The authors, including renowned experts in the field like Menno Thomas, founder of Zetadec, and Dr Wouter Hendriks, chair of animal nutrition at the Department of Animal Sciences at Wageningen University, saw that particle size fractions that result from the milling of maize and soybean meal (SBM) differ in nutritional composition.
The researchers also observed that ingredient fraction in vitro digestibility is linked to particle size and shape and particle chemical composition.
Moreover, they said that grinding samples under 1-mm affected the in vitro digestibility of maize and SBM.
"This study aimed to gain a better understanding of the relationship between particle size and pig performance. After grinding, we saw that not only the particle size of ingredients is reduced, the physical characteristics of particles and nutrient distribution are also changed, and that can affect the digestibility and kinetics of nutrient digestion,” Fang Lyu, one of the researchers, told us.
The results, she continued, showed that the nutrient content of ingredients varied after grinding.
Also weighing in on the findings was Zetadec's Menno Thomas. "If, in the future, industry is able to factor in the nutrient composition of the various particle size classes after grinding, we might be able to further match size and composition of certain particles to the digestive requirements of the animal."
Rationale for study
The authors outlined how feed and feed ingredient particle size are important in both feed manufacturing and the nutrition of pigs and poultry. Grinding, as a standard procedure in feed manufacturing, benefits mixing, conditioning and pelleting. By reducing the mean particle size of feed ingredients/diets, the digestibility of nutrients and growth performance in pigs can be increased due to an increased surface area to volume ratio exposing more nutrients to digestive enzymes, they said.
But this influence of particle size on pig growth performance is not consistent and the reasons are not fully understood, noted the authors.
Research on the relationship between particle shape characteristics such as circularity, projected area and aspect ratio on nutrient digestion in animals is limited and may be important to explain the influence of feed particles on animal performance, they added.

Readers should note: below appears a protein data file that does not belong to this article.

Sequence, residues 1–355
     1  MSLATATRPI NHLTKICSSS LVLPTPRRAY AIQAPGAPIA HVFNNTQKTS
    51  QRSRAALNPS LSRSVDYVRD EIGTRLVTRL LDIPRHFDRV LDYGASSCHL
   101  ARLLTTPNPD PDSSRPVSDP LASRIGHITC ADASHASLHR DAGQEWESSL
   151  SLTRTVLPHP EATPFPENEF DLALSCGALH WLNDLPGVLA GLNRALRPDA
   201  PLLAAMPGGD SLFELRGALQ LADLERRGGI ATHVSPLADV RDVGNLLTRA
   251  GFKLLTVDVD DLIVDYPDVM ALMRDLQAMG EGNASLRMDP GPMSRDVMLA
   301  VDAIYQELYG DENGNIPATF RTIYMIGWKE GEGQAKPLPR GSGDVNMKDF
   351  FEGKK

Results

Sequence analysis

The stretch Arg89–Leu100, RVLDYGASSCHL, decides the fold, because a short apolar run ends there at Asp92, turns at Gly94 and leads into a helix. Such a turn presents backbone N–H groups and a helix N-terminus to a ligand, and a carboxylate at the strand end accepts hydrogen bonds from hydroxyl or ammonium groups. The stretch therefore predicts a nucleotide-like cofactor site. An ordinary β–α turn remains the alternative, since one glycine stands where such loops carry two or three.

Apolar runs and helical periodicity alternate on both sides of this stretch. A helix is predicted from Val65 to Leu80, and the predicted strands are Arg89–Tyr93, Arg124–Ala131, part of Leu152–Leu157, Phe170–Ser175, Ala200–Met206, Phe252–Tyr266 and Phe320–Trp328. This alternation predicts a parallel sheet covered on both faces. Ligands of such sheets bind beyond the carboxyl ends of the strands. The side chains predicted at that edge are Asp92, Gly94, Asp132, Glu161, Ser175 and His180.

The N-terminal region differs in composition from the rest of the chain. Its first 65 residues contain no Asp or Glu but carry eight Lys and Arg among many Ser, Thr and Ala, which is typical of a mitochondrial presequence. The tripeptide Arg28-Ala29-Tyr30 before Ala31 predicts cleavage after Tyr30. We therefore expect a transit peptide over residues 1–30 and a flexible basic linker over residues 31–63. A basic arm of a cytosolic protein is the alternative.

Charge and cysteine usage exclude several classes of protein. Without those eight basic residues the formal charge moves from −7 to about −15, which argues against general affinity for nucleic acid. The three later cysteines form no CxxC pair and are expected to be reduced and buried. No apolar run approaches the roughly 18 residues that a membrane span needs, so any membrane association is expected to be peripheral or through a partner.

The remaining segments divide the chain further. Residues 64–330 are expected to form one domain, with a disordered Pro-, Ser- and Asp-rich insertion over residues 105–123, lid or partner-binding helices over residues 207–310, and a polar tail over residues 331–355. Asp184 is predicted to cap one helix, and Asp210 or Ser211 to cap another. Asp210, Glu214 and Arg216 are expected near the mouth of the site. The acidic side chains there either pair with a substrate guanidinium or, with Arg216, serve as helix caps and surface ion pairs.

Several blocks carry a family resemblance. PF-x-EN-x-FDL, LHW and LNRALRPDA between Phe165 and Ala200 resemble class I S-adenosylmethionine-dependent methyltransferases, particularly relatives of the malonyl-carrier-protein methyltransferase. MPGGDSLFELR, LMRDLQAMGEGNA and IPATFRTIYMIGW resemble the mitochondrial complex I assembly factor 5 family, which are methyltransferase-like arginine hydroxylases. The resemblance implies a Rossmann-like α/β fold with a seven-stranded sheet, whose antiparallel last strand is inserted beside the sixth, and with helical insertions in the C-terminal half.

So, with this study, they wanted to figure out the nutrient content and physical characteristics of individual size fractions of hammer-milled maize and SBM and link that to in vitro digestibility.
Maize and SBM were hammer-milled over a 6- and 2-mm size screen, respectively, and were sieved into seven fractions.
Particle characteristics of the hammer-milled material were determined by dry sieving, wet sieving and image analysis methods.
The nutrient composition including dry matter, ash, crude fiber (CF), crude fat (CFat), crude protein (CP), starch and in vitro digestibility of organic matter (OM), CP (SBM) and starch (maize) were also measured and nitrogen-free-extract was calculated.
The results show that the nutrient composition differed among fractions of ground maize and SBM, said the team.
A large difference in starch levels of maize was observed between the various sieve size fractions and the CP content of SBM increased with larger sieve sizes, noted the authors.
The in vitro digestibility of OM and CP was different among the various particle size fractions for both ingredients. However, the in vitro digestibility of starch did not differ between each size fraction in maize.
The digestibility of OM was positively related to the starch level.
“The presented data show that the nutrient composition and physical characteristics of materials among various size fractions of hammer-milled maize and SBM differ and may explain pig growth performance differences observed in commercial production.”
Commenting further on the results of the study, Thomas also noted: "A modification was run on the in-vitro digestibility method as described by Boisen and Fernandez. It was shown that additional grinding of particles > 1 mm has an impact on the digestibility. This would mean that, perhaps, after discussion, a modification of the in-vitro digestibility method would improve our understanding of digestion as related to particle size.
"Novelties introduced here are a check on morphological characteristics (circularity, roundness, solidity, projected area) and correlated to in vitro digestibility. Further research needs to be done to assess the relevance of such an approach to look at physical particle traits, but first results seem promising."
Source: Animal Feed Science and Technology
Title: Particle size distribution of hammer-milled maize and soybean meal, its nutrient composition and in vitro digestion characteristics
Authors: F Lyu, AFB van der Poel, WH Hendriks, M Thomas